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With A Friend Like This … Doctor Swindled $73,000 Later, Gambling Venture Ends With Friend’s Indictment

Tue., April 15, 1997

It began as a seemingly harmless gamble. It ended like a movie of the week - complete with mobsters, loan sharks and talk of drug deals and a strongbox heist at a glittery hotel-casino.

Before it was over, a Shoshone Medical Center doctor had lost about $73,000. Stephen Coutts, 33, wired the money to Las Vegas to pay off a cadre of steamed bettors who supposedly had threatened a friend who ran a bookmaking business.

The U.S. Department of Justice announced Friday the alleged Vegas bookie - Paul Ide, 39 - has been indicted by a federal grand jury on one count of wire fraud.

The indictment alleges Ide committed the crime between September and March. The felony carries a maximum penalty of 30 years in prison and a $1 million fine.

Ide lived in Las Vegas. He got to know Coutts about 18 months earlier when the doctor was placing sports bets overseas. Ide worked with a bet-making operation in the Caribbean, Coutts said.

According to Coutts, the story goes like this:

Ide lost his job and came to visit Coutts in Idaho last summer. When Ide returned to Vegas, he and Coutts decided they would make money by placing sports bets there. Each pitched in $25,000.

But sometime in September, Ide was unhappy because they were just breaking even, Coutts said. Ide called him with an offer he couldn’t refuse.

“Things changed, and he started taking bets instead of making them,” Coutts said. “He already had my money at that point.”

And Coutts agreed that it was a better gamble. “Bet-makers make money,” he said. “Sports bettors usually don’t.” Ides told Coutts he had 15 clients.

The sweet deal soured one weekend during football season; bettors won big on a series of college and pro games.

“He basically got wiped out,” Coutts said. But instead of paying the winners, “he bet it on Monday night football and lost.”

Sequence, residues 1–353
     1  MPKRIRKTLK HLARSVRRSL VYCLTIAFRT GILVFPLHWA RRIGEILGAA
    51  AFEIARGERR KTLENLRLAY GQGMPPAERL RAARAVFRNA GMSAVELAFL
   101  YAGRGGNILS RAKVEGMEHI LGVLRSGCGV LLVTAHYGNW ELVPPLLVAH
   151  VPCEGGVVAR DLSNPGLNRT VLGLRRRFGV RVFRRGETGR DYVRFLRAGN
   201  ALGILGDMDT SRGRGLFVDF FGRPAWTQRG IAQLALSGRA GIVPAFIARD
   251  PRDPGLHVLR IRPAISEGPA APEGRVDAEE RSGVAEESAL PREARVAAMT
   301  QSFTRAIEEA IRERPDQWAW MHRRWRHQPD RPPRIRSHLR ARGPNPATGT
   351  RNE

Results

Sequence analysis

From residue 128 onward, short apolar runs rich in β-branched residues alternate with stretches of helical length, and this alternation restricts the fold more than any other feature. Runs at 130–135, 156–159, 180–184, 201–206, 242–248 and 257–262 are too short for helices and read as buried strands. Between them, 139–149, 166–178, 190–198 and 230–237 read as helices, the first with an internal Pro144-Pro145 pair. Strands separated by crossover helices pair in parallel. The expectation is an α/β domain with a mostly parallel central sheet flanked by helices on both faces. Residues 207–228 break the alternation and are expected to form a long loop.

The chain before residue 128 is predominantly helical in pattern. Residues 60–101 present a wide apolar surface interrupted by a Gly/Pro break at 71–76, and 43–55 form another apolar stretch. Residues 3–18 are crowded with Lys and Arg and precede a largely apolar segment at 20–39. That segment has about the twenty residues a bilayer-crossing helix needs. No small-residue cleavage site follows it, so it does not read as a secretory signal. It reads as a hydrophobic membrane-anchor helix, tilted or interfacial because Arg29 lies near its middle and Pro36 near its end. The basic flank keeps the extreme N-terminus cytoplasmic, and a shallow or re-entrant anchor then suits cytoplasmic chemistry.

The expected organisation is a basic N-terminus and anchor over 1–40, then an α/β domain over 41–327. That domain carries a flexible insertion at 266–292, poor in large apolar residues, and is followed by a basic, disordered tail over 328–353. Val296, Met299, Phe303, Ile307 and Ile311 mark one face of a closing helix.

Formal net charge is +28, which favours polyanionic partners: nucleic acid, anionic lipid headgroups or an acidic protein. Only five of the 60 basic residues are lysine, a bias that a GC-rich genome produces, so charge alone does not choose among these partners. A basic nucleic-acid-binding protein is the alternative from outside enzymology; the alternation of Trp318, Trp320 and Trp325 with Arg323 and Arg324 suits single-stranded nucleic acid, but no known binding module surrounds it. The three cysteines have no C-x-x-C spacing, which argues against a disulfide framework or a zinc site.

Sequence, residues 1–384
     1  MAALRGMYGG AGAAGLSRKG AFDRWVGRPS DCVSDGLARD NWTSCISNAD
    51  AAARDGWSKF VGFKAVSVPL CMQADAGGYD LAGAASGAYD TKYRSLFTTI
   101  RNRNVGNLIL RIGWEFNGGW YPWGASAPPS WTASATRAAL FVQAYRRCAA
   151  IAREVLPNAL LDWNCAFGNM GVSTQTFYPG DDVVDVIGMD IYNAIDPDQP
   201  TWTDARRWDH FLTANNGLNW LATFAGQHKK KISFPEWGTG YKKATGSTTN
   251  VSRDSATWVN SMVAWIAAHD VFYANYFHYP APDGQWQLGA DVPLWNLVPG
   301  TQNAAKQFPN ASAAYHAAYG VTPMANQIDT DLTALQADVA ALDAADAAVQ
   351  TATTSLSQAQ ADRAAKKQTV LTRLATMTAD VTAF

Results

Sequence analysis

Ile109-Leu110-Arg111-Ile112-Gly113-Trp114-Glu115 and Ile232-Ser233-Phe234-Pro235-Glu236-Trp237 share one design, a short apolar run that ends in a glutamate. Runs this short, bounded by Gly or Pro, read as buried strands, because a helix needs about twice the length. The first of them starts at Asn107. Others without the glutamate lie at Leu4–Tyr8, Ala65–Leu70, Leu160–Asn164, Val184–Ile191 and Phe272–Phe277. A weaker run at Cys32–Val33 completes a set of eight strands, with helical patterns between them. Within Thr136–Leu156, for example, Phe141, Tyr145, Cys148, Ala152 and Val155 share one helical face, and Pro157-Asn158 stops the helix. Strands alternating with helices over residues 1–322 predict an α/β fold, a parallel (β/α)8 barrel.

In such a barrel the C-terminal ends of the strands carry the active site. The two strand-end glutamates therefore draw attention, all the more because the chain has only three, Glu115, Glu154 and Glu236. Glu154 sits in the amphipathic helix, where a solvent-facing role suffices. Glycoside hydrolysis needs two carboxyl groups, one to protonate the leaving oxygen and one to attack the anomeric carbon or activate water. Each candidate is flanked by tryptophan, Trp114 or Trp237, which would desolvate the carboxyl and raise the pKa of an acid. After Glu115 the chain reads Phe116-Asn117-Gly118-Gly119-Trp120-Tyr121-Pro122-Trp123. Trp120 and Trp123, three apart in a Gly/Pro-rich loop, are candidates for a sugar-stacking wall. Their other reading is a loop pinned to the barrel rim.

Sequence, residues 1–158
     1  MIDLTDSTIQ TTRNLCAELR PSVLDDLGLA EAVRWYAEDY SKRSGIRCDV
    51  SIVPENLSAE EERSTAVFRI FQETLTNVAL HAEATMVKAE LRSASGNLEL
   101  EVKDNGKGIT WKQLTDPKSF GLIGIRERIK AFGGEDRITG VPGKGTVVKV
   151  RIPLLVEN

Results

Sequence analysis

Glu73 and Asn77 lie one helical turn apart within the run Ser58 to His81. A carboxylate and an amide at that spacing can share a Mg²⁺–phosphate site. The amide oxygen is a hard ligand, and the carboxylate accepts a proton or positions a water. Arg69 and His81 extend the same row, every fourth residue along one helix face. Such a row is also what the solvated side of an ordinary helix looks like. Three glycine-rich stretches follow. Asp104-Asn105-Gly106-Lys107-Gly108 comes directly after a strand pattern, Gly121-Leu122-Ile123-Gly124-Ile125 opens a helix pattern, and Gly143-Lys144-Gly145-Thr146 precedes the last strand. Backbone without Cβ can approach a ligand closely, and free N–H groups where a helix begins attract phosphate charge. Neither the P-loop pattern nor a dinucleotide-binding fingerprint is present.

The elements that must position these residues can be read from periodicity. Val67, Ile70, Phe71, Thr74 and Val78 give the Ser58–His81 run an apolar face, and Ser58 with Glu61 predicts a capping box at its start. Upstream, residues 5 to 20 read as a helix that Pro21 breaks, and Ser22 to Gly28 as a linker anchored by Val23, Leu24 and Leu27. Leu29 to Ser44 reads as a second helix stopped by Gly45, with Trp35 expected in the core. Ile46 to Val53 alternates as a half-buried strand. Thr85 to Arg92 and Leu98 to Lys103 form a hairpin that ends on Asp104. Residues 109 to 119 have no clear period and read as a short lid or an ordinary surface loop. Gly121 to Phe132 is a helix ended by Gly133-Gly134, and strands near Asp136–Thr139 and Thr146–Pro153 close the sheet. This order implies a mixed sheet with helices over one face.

Coutts said Ide called him asking for $23,000 to pay the winners, whom he claimed were involved with organized crime. Loan sharks “hunted and assaulted” Ide, Coutts said he was told. Coutts gave in and paid.

Then Ide allegedly began calling Coutts asking for more; he still was $20,000 short. The loan sharks charged 10 percent interest per week.

After six weeks of pleading for money, Ide allegedly said the mobsters were going to kill him. “He seemed genuinely scared that his life was in danger,” Coutts said.

The weeks passed.

“He threatened me, then. He said these loan sharks knew who I was.” To protect his wife and small child, Coutts wired $18,000. “If I was single, it would have been a lot different.” That was in November.

Then one day Ide told him the mobsters were willing to cut a deal for the balance. They would forgive the debt if Ide delivered a shipment of drugs.

“I told him, ‘Do whatever you have to do to pay off those guys,”’ Coutts said. “I’m out of the loop now.”

But Ide kept calling, saying he didn’t want to deliver any drugs. He wanted more money, Coutts said. The doctor gave in, and wired him $20,000. “He basically paid those guys off.”

Then Ide called with a new plan. One of the loan sharks had access to a safety deposit box at the Mirage Hotel, Ide claimed; for a bribe of $25,000, he could get at it. The box supposedly contained $200,000.

That’s when Coutts told the FBI, the DEA and his wife.

“Initially, they thought what I told them was a fairy tale,” Coutts said of authorities. Then he contacted the Nevada Division of Intelligence; the Nevada investigators got the FBI involved, Coutts said.

He doesn’t know which parts of Ide’s gambling yarn are true.

A release from the U.S. Attorney’s office in Boise said Ide admitted to paying loan sharks $31,700 and losing $40,600 gambling. He also admitted making up stories about the drug drop and strong box.

Coutts’ wife was shocked.

“You hear about other people on television getting caught in things like this, but you never think it will happen to you,” Dawn Coutts said. “After you’re done crying, it’s way too surreal.”

Ide now is behind bars in Arizona, said Barry McHugh, assistant U.S. attorney in Coeur d’Alene. McHugh is negotiating with Ide’s lawyers there. If unable to come up with a plea both sides accept, Ide’s case likely will be handled in Idaho.

FBI spokeswoman Dale Weiss wouldn’t comment on the case because it still is under investigation.

Coutts is not facing any charges.

He said the worst part was being betrayed. “When a friend deceives you, the loss is more than financial,” Coutts said.

He said he let Ide stay at his home. He diagnosed Ide’s diabetes. He talked to Ide’s father.

“I don’t plan on making any more friends,” Coutts said. “The friends I have now are the friends I’ll keep.”


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